The Black-crowned Night
Heron (in Europe, often just Night Heron), Nycticorax nycticorax,
is a medium-sized heron. Adults have a black crown and back with
the remainder of the body white or grey, red eyes, and short yellow
legs. Young birds are brown, flecked with white and grey. These
are short-necked and stout herons. Their breeding habitat is fresh
and salt-water wetlands throughout much of North America, Europe,
Asia and Africa. They nest in colonies, on platforms of sticks
in a group of trees, or on the ground in protected locations such
as islands or reedbeds. 3-8 eggs are laid. These
are migratory birds; the North American race N. n. hoactli winters
in Mexico, the southwestern United States, Central America, and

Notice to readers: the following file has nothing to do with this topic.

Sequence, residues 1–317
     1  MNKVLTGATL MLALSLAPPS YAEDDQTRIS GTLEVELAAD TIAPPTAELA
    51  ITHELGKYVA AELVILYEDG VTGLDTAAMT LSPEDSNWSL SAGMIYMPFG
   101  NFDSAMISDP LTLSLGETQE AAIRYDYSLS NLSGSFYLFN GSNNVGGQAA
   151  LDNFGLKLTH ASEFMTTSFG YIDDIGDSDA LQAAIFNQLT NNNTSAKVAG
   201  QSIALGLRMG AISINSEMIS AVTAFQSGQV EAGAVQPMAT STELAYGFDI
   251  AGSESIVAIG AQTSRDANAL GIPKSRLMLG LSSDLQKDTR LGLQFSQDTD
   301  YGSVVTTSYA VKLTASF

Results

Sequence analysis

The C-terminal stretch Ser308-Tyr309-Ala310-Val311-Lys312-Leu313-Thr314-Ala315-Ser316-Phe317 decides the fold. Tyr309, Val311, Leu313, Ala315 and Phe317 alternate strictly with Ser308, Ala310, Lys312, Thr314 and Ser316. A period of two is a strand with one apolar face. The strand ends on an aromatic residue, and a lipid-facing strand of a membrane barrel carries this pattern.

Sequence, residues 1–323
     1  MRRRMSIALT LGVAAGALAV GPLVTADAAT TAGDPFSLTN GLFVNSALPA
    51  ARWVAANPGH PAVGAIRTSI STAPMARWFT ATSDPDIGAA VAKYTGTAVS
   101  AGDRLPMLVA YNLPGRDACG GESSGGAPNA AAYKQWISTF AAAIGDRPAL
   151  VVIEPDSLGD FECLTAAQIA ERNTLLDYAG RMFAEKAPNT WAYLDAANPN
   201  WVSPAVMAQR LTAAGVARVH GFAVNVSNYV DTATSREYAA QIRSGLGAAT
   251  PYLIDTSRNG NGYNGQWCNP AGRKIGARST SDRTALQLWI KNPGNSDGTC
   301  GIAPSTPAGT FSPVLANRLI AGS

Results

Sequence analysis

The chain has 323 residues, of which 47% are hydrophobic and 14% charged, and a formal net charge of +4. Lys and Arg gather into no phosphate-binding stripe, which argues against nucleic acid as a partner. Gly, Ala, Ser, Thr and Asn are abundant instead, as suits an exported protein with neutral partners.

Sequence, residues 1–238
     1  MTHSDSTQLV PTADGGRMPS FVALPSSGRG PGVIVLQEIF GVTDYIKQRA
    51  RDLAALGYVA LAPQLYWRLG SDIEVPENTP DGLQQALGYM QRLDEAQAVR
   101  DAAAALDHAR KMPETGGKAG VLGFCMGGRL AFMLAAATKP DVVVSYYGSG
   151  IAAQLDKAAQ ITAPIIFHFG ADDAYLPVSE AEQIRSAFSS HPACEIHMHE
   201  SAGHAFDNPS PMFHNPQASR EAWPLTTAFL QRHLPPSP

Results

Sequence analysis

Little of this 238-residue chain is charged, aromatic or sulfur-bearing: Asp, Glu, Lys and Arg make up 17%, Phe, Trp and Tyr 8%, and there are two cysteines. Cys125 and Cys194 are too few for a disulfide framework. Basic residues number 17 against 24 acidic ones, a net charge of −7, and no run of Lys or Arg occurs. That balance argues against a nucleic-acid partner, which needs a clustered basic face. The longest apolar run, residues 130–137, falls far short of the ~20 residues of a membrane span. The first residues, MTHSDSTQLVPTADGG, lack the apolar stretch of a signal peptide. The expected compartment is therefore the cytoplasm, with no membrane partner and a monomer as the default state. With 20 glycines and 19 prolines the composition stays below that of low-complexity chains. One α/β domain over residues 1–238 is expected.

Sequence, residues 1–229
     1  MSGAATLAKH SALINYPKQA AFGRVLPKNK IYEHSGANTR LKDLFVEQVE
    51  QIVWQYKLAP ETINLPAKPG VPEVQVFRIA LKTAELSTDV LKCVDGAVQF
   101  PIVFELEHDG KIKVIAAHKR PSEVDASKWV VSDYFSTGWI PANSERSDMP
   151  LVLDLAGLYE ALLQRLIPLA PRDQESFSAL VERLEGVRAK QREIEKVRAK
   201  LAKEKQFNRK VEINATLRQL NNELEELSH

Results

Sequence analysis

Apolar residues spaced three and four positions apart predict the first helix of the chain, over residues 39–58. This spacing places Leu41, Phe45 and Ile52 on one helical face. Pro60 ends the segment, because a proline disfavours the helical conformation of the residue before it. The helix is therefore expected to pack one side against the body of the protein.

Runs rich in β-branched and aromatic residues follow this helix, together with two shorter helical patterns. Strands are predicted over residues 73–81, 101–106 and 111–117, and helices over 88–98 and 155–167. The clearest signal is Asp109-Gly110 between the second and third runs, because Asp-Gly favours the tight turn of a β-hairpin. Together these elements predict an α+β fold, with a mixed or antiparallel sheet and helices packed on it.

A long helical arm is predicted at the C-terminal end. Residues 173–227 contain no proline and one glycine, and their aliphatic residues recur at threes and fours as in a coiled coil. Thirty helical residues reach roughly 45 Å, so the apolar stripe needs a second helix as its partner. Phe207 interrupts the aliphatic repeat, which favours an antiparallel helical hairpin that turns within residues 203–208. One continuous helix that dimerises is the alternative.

the West Indies, and the Old World nominate race N. n. nycticorax
winters in tropical Africa and southern Asia. In the Americas,
N. nycticorax can be found as far south as Patagonia.
These birds stand
still at the water's edge and wait to ambush prey, mainly at night.
They primarily eat small fish, crustaceans, frogs, aquatic insects,
and small mammals. During the day they rest in trees or bushes.
The New World race is more gregarious outside the breeding season
than the nominate race. The scientific name, nycticorax, means
"night raven", and refers to this species' nocturnal
habits and harsh crow-like call.
Above Images Are From The U.S. Fish and Wildlife Service